After deciding to follow through with filing a lawsuit, one of the first questions asked is where to file. Venue is the county or parish that is applicable for your case to proceed. Filing in the proper venue is a determinative factor in moving forward with your case. There may be more than one appropriate venue for your case, but failure to choose correctly can cause ripple effects to the rest of your lawsuit.
Damion Comeaux and Austin Romero collided at an intersection in Vermilion Parish on June 9, 2012. Comeaux filed a lawsuit on May 16, 2013, in the East Baton Rouge Parish, naming defendants Romero (who was driving a police department car), Abbeville Police Department, the City of Abbeville, the Louisiana Municipal Association, and Zurich American Insurance Company. Comeaux alleged that he was injured when Romero failed to stop at a stop sign, causing the collision with Comeaux’s vehicle, and sought money for his bodily injuries, as well as associated general and special damages.
At trial, the City of Abbeville cited improper venue and the case was ultimately transferred to Vermilion Parish on the condition that the defendants waive any defense of prescription (statute of limitations). Prior to the trial court transferring the case, Comeaux filed an identical lawsuit in Vermilion Parish on July 1, 2013. Both the East Baton Rouge and Vermillion Parish cases proceeded at the same time, which identical filings in each district. The defendants objected to the condition to waive prescription and challenge the cause of action. The trial court ruled in their favor, and Comeaux appealed on prescription of his second filed lawsuit (in Vermillion Parish) and cause of action.
Prescription, or better known as the statute of limitations, for delictual actions like automobile accidents runs after one year from the time of the accident. La. C.C. art. 3492. If the plaintiff claims that the prescription time period was interrupted, the plaintiff carries the burden to prove this claim. Rizer v. American Sur. & Fid. Ins. Co., 669 So.2d 387 (La. 1996).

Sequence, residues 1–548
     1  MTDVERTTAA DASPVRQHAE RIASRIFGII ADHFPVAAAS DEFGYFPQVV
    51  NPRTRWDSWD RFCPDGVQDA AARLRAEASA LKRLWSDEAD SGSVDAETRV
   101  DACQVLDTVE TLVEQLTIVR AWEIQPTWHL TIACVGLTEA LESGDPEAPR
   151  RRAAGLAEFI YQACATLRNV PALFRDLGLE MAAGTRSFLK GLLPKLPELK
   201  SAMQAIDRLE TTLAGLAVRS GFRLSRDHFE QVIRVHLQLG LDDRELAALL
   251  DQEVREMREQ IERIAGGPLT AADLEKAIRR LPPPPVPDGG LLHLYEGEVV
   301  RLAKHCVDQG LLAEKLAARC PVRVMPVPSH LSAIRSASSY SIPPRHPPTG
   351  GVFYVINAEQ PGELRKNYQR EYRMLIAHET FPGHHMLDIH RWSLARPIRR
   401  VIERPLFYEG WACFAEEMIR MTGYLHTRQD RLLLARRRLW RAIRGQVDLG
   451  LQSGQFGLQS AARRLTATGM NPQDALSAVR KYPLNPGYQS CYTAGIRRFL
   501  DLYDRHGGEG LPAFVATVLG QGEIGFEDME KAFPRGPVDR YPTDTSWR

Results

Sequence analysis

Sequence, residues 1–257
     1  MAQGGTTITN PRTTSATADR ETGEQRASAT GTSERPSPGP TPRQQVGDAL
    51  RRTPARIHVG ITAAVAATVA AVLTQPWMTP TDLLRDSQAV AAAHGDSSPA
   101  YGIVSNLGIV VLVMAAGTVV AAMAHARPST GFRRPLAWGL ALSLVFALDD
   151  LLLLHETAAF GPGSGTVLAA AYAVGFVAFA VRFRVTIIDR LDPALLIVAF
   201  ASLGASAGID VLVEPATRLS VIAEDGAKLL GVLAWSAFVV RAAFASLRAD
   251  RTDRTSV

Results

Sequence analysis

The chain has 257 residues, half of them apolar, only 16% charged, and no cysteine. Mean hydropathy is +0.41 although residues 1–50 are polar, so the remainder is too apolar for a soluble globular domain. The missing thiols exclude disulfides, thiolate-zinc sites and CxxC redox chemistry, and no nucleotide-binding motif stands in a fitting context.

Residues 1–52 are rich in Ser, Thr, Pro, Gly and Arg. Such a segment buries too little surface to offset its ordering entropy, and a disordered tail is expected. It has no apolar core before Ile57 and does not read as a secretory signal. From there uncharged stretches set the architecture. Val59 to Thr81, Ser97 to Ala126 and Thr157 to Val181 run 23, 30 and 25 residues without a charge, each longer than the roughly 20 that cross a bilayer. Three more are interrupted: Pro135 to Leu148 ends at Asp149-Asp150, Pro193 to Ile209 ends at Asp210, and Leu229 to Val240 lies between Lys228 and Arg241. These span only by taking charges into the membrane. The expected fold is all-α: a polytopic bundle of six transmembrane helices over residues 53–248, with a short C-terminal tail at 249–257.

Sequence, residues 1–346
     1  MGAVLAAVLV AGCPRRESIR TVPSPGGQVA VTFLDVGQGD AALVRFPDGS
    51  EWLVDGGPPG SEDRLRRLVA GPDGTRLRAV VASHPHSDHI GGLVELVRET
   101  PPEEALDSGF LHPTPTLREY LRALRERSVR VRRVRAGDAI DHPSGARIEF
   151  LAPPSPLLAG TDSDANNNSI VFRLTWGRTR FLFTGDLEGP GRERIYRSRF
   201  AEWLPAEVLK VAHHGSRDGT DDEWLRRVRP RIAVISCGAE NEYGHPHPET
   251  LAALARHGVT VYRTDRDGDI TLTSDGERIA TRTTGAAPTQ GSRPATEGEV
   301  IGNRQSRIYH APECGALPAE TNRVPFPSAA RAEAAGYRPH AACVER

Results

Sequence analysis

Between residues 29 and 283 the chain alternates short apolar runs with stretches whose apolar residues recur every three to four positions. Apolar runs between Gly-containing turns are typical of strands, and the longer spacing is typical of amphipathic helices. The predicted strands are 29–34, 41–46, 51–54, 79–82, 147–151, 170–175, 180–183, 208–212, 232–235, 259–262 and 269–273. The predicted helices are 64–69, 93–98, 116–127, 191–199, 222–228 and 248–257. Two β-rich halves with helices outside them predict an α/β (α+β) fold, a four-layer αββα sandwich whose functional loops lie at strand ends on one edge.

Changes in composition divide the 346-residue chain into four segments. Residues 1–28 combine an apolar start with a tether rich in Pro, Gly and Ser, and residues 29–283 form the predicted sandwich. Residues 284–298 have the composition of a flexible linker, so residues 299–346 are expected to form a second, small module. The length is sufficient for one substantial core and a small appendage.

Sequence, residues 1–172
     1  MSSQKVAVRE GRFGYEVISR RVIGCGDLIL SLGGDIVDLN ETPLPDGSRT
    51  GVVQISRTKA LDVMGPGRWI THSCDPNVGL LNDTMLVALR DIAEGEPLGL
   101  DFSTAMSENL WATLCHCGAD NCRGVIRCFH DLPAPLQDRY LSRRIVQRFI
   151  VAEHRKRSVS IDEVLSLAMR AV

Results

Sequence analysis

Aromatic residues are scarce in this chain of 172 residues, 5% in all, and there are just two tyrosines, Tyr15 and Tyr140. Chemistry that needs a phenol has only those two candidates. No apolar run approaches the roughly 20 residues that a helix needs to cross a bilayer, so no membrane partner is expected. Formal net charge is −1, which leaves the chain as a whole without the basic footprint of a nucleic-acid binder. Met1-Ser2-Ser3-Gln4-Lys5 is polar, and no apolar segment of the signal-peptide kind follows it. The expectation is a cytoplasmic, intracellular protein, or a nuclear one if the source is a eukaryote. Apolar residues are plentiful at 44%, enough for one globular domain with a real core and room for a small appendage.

Typically, peremptory exceptions and other motions must be raised at the trial court level or else they are waived from being raised at the appellate court level. However, Louisiana appellate courts can evaluate peremptory exceptions filed for the first time at the appellate court level if they were pleaded prior to the case’s submission for decision and that there was proof of this. La. C.C.P. art. 2163.
On appeal to the Third Circuit Court of Appeal, Comeaux argued that the first filing interrupted prescription for the later-filed lawsuit, but he failed to produce evidence of this. Romero argued that the case’s prescription period had ended and that there was not proper notice that the case was improperly filed in the East Baton Rouge Parish. Further, the second lawsuit was not filed until over the allotted year time span he was given to file a lawsuit.
The Court found that the trial court’s ruling that the prescription period of the East Baton Rouge Parish had expired was wrong because the parties had not met their respective burdens needed for the court to determine this. The Court reversed and remanded the case back to the trial court. However, the Vermillion Parish case was dismissed because there was no cause of action for which the court could grant relief.
The parties, in this case, were stuck in a loop of procedural matters that had to be decided before the facts of the accident were ever heard. If you are looking to file a lawsuit, make sure to speak to a good lawyer about your timeline and choice of venue most advantageous to your cause.
Additional Sources: Comeaux v. Romero
Written by Berniard Law Firm Blog Writer: Carolynn Wall
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